Cobblers Up Close: Ali Weber

Senior Ali Weber is known for her art, and rightfully so, as she is already selling her work. But as always with people, there is more to her than her talent.

By Sarah Thormahlen

If you walk into the room of artist Ali Weber, you’ll find a plethora of artwork, posters, and unique decorations such as a real hawk bone, a “cute little birch stick,” and a sculpture of a torso covered in blood, all hanging from her ceiling. You’ll even find some wisdom teeth lingering on the shelf.

Though still a senior at Central, Ali’s full-time job is art. She often gets asked by businesses if she would paint or draw for their signs. She painted an entire bus in flowers for Mostly Chocolates, creates personal pieces or art and calligraphy for families, created her volleyball teams’ T-shirts, and is always doing random requested pieces for people. She also started painting hydroflasks for anyone who wants one. “Though it’s sometimes hard,” she admits. “Like the other day I got paid entirely in bath bombs, so I can’t really pay my bills with that when I’m an adult. Sometimes people don’t really take it as seriously when it comes to that.” Despite the awkwardness, so far she has avoided any bad interactions with customers. “I have been pretty lucky with that, I haven’t had any real bad experiences. If I know I’m not going to get paid the full amount, or if I know they’re not going to like my style, I won’t do it.”

While getting paid for her work started small, Ali has helped develop it into a bigger deal. “I started doing fun little art pieces for family and friends,” she said, “and after my name got out there I got more and more people coming to me interested in what I do and willing to pay, so I am able to make a full-time job out of it.”


“You just have to draw, and keep drawing.”


Ali has been doing art since as long as she could remember. “I started when I could hold a pencil; I have just always been doing it.” She laughs when she admits how she confirmed her talent: “I realized I was good at it when I started going to school and seeing that other kids weren’t as good at it.” Ali continued to draw to improve herself and enjoys having reference images to help her. “I would look at certain things and teach myself how to draw it, building up a mental catalog of things I can draw in my mind.” When asked how to improve she responds with a simple answer, “You just have to draw, and keep drawing.” She spends at least 15 hours a week drawing. “Reference images help a lot,” she said. “Mr. Gorder always said you have to draw what you see, not what you know.” Ali’s art ranges from little doodles to big projects. When doing little doodles she’s able to go off of her mind or a picture, but with bigger projects that she wants to put a lot of detail into, she will make a grid to include specific details.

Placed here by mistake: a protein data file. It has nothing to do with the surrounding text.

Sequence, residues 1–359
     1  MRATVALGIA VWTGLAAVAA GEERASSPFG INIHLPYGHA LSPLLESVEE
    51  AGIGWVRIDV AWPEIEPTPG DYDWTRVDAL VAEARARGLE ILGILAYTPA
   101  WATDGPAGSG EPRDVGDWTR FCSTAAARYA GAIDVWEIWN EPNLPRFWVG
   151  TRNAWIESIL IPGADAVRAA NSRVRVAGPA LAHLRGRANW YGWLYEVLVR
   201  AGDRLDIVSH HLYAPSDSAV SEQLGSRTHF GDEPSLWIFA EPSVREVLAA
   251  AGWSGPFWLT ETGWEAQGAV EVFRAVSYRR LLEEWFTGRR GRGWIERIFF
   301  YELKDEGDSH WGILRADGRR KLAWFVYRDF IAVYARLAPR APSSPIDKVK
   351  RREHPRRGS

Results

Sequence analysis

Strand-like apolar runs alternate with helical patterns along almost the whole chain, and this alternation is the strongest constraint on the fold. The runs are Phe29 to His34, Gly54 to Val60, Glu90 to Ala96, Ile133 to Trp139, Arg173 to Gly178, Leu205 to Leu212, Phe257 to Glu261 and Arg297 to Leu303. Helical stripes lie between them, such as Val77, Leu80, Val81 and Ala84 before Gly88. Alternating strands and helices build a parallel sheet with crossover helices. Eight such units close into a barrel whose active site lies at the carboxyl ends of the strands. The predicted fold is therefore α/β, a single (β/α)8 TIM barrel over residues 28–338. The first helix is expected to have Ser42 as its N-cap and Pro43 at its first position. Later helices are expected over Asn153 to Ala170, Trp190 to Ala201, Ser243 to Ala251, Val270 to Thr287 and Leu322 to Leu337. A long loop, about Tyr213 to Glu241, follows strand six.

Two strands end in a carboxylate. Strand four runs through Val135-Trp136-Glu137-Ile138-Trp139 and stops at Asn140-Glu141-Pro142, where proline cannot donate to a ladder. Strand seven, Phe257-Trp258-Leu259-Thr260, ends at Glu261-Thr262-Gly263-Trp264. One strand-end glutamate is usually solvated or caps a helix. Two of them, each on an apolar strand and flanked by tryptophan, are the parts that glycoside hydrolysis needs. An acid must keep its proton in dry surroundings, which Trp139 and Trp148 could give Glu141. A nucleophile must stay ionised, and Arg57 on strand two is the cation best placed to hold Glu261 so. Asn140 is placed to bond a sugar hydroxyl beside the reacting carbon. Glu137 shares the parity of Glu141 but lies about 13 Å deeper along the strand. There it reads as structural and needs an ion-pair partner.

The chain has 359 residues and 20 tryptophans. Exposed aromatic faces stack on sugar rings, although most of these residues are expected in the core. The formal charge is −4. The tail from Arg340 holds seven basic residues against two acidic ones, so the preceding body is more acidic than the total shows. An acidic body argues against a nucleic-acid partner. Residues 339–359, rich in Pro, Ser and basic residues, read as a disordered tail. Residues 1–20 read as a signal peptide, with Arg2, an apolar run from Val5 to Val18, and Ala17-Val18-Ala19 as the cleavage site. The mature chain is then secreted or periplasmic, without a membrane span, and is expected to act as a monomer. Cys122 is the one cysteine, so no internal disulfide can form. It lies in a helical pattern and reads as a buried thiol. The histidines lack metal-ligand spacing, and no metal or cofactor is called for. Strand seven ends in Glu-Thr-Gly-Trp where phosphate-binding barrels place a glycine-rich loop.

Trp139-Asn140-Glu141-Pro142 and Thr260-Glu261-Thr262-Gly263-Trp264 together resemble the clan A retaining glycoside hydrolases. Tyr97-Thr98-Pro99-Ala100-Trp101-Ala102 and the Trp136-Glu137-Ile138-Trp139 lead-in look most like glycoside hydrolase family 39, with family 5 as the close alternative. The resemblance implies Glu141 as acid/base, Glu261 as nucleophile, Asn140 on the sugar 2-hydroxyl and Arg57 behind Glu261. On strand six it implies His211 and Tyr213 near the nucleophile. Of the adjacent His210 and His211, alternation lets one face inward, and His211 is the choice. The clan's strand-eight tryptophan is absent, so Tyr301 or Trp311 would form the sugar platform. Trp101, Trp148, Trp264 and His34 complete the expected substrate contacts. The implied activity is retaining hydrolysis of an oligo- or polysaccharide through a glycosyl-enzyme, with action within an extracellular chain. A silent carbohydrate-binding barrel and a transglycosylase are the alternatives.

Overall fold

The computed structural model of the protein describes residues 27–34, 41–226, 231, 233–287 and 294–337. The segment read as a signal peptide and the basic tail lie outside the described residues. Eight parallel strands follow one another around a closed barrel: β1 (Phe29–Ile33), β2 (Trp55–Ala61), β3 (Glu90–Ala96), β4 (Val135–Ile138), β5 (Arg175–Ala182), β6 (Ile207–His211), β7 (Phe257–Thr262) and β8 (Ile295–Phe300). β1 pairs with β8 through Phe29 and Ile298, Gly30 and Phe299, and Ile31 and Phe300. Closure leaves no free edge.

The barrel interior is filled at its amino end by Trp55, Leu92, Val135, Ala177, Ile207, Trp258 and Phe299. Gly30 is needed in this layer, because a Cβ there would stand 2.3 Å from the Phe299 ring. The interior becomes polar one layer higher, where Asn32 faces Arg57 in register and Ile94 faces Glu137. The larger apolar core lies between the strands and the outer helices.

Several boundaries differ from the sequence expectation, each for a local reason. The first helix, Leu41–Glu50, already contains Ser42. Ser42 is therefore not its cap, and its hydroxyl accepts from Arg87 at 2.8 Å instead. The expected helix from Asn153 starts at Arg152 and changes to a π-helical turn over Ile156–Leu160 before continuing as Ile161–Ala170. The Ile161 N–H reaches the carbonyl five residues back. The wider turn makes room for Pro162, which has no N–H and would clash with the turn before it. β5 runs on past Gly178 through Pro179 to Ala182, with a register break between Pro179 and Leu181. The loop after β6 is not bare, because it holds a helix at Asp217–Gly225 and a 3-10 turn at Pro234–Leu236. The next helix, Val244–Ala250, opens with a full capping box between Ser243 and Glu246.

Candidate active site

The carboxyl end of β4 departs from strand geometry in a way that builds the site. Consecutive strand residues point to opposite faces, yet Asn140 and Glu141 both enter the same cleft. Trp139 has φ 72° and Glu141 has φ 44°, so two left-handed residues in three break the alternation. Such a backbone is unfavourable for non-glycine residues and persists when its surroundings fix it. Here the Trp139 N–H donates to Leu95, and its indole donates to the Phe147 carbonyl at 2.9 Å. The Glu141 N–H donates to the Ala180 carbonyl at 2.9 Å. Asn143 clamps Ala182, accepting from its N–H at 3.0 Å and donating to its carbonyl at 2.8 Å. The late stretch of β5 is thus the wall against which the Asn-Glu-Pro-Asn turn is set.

Ali leans toward and enjoys portrait pieces the most. “Portraits are my favorite thing to do,” she said. “Anything where the subject is a living thing I think is the most interesting. I tend to go for hyper-realism a lot of the time, which is where you try to make it look exactly like the photo.” With a roll of her eyes she admits, “Things like still life and landscapes are so boring to me, I have to force myself to do it.”

Ali 2
“River Phoenix” by Ali Weber 

As far as Ali’s favorite mediums to work with, she has always liked drawing. “It doesn’t take much set up and time, all you need is a couple pencils and a piece of paper.” But she also enjoys using oil paint even though it’s a bit more work. “It smells really bad and you have to use paint thinner so that’s not fun,” she said. “They take so long to dry but it’s also a positive because if I get to a point where I need to leave it alone for a couple of days I can come back and it will still be wet and I can fix it. I like oil paint so much because it gives so much room for color options that you can’t get with pencil; there’s a certain . . .” She is laughing as she tries to find the correct word to use, which holds up our interview.  She considers moving on, “Google that later future Sarah…” but minutes later she gets it. “Scratch that Sarah, we got it: opacity you can get with oil paint that you can’t with pencils.”